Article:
In W. Cornwall jallishy and jailer are used for yellow (M. A. Courtney, E.D. Soc).

Hating all schollers for his sake, till at length he began to suspect, and turne a little yellow, as well he might; tor it was his owne fault; and if men be jealous in such cases (as oft it falls out) the mends is in their owne hands. — Burton, Anatomy of Melancholy, HI. ill. 1, 2.

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The undiscreet carriage of some lascivious gallant .... may make a breach, and by his over familiarity, if he be inclined to yellowness, colour him quite out.—Burton, Anatomy oj Melancholy, ill. iii. 1, 2.

In earnest to as jealous piques;
Which th'ancients wisely signify'd
By th'yellow mantuas of the bride.

Butler, Hudibras, pt. iii. canto 1.

'Monfjst all colours,

No yellow m't, lest she suspect, as he does,
Her children not her husband's.

Shakespeare, The Winter t late, act ii.
sc. iiL 1. 107.

Hence "to wear yellow breeches" was an old phrase for " to be jealous."

If 1 were,

The duke (I freely must confess my weakness, I should wear yellow breeches.

Maainger, The Duke of Milan, iv. 1.

If thy wife will be so bad,

That in such false coine she'lie pay thee,

Why therefore

Shuuld'st thou deplore,
Or weare stockings that are yellow?

Roxburgh Balladt, ii. 61 [Davies].

Yeoman, a free born Englishman living on his own land, old Eng. yoman, yttman, ieman, an able-bodied man (compare "yeoman's service"), has been variously regarded as a derivative of Frisian gxman, a villager or countryin an (Wedgwood), =Goth.<7<j«ji,country (old Fris. go, go, Dut. gate, goo, Ger. gau) + manna, man; as a contraction of yongman, youngman; or as another form of old Eng. German, gemen, a commoner (Verstegan, Restitution of Decayed Intelligence, 1634, p. 221), A. Sax. gemcene ( — Lat. communis), Goth, gamains, common. Mr. Oliphant identifies it with Scandinavian gmimaZr, an able-bodied fellow (Early and Mid. English, p. 417), mafcr =: man.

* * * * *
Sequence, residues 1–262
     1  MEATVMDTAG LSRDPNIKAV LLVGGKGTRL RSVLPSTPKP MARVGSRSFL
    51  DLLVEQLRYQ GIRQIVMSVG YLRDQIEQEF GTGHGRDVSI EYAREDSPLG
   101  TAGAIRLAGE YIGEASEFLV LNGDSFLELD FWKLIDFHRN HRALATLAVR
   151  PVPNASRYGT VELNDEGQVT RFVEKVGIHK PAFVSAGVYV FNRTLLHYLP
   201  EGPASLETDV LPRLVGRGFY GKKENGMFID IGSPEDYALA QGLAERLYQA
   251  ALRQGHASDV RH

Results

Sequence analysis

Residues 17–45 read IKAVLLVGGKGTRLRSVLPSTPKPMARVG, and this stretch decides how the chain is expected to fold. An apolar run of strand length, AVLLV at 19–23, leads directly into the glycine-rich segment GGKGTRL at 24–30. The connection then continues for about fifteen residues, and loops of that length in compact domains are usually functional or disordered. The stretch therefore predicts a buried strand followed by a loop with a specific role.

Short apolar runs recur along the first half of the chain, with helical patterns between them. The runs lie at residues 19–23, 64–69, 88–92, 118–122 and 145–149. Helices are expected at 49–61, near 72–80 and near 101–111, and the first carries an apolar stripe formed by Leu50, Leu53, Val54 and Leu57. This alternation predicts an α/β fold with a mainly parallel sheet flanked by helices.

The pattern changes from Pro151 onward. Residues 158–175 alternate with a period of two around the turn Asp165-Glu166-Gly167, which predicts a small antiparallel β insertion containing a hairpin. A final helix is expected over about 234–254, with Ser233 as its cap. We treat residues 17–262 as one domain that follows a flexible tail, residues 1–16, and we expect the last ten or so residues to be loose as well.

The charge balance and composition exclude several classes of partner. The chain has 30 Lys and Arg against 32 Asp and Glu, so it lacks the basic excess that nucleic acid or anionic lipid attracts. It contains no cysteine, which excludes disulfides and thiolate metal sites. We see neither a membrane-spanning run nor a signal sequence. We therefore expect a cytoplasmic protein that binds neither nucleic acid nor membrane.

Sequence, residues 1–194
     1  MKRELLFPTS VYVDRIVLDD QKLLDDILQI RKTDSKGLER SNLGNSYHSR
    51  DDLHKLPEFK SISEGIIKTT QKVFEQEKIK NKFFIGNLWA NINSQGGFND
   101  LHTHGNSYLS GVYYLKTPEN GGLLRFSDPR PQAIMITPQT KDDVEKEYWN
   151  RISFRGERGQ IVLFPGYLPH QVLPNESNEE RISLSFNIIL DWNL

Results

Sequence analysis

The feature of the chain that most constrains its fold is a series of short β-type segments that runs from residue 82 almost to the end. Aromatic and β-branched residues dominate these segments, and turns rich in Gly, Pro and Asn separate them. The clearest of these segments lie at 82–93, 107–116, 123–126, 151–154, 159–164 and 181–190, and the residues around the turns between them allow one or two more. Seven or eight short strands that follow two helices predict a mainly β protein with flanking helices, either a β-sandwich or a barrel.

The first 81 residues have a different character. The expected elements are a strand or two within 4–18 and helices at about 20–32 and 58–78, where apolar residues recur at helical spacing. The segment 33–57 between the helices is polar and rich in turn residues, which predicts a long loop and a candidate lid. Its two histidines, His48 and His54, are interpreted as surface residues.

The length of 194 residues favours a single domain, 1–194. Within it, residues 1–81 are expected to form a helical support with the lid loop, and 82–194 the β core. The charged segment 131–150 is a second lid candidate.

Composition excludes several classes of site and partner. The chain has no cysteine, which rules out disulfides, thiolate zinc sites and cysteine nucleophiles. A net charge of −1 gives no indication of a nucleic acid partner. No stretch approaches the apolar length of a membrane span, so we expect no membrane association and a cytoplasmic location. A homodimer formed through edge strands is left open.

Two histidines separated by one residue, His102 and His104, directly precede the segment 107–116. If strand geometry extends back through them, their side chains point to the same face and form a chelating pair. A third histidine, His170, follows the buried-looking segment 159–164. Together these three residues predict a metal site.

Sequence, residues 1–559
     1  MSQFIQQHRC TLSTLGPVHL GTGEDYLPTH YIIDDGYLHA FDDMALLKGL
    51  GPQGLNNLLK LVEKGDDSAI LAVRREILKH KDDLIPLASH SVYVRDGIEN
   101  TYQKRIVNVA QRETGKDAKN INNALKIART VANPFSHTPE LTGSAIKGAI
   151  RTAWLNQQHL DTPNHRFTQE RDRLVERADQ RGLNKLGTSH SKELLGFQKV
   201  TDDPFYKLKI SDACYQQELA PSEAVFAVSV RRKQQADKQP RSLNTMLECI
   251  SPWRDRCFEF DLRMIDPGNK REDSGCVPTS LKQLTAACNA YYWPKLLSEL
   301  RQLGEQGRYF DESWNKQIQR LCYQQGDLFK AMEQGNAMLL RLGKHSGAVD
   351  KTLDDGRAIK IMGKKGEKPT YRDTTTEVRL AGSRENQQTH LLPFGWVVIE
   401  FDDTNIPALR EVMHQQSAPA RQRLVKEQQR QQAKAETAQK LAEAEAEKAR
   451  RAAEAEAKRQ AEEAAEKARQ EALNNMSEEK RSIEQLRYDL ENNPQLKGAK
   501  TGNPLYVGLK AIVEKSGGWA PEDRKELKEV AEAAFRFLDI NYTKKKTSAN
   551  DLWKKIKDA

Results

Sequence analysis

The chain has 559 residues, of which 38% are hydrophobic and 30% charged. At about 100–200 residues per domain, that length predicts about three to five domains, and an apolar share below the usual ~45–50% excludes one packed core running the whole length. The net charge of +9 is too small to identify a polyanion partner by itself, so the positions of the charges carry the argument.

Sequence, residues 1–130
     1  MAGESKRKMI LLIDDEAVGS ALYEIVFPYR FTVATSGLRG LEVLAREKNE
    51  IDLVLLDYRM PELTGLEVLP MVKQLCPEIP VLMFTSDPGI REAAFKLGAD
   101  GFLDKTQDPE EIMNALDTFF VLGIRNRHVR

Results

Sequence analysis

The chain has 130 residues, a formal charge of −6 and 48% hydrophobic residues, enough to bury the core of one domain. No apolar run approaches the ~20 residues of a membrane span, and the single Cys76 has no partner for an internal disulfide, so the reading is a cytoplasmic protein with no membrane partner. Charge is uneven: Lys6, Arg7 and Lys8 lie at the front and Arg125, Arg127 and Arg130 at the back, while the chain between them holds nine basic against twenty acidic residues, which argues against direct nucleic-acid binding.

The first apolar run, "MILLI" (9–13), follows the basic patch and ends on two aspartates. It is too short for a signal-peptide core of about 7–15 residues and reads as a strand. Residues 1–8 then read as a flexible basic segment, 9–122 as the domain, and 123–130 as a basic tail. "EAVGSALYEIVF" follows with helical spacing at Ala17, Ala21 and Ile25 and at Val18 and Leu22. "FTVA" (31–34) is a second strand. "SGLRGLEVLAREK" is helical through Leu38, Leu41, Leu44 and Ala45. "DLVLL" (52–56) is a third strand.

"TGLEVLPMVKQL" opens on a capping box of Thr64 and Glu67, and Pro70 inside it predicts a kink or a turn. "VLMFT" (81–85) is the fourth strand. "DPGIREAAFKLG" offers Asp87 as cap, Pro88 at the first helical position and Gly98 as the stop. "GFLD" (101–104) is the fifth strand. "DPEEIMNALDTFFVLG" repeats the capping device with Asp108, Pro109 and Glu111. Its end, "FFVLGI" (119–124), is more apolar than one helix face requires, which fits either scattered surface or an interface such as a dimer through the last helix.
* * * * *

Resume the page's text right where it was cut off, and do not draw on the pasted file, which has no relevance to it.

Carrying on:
May it not be the same word as goman, a married man, a householder (Verstegan, p. 223), A. Sax. gum-mann (Beowulf), a compound of guma, a man? See Groom. Grimm connects it with A. Sax. gemana, company, fellowship, Goth, ga-man, a fellow-man, comrade, companion. Compare old Eng. ymone, together, in concert.

If Verstegan's suggestion were correct, the word would be no compound of man, and should make its plural yeomans. See Mussulmen, where it

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A yeman of fe crowne, Sargeaunt of

with mace, A herrowd of Armes as greta dygnte has

J. Russell, Boke of Nurture, 1. lilcjj.

He made me fymane at Sole, and g«fe me GET gyftes.

Morte Arthure, 1. gofg.

Sir S. D. Scott quotes an instance of yeortmn being con verted into yongenu*, youngeman:

Any servantes, commonly called wxftmen [yeomen in original] or groomes.— Statutes, as lien. Vlll. c. x. s. 6.

(See History of British Army, vol. i. pp. 504-507.)

In the Constitutions of King Canute concerning Forests, he orders four " « mediocribus hominibus, quos Anfli Lespegend [read lee-legend, less thane> nuncupant, Dani vero yoong mm recant," to have the care of the vert and venery (Spelman, Glossariiim, 1C26, p. 289).

Robyn commaunded his wyght yong men,
Under the grene wood tre,

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They shall lay in that same sorte;
That the Sheryf myghte them se.
Lytelt Geste of Robyn Hade, Thyrde Fytte,